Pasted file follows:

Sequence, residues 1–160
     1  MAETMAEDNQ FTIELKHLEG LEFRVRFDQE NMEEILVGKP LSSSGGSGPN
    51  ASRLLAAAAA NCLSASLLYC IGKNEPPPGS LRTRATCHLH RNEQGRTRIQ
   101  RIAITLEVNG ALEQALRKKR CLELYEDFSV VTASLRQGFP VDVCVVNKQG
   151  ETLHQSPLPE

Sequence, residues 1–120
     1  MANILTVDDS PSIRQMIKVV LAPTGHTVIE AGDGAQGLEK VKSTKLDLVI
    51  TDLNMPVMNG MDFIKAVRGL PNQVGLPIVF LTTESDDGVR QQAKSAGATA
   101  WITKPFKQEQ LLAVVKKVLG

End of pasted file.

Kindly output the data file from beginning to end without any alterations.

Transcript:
Sequence, residues 1–160
     1  MAETMAEDNQ FTIELKHLEG LEFRVRFDQE NMEEILVGKP LSSSGGSGPN
    51  ASRLLAAAAA NCLSASLLYC IGKNEPPPGS LRTRATCHLH RNEQGRTRIQ
   101  RIAITLEVNG ALEQALRKKR CLELYEDFSV VTASLRQGFP VDVCVVNKQG
   151  ETLHQSPLPE

Sequence, residues 1–120
     1  MANILTVDDS PSIRQMIKVV LAPTGHTVIE AGDGAQGLEK VKSTKLDLVI
    51  TDLNMPVMNG MDFIKAVRGL PNQVGLPIVF LTTESDDGVR QQAKSAGATA
   101  WITKPFKQEQ LLAVVKKVLG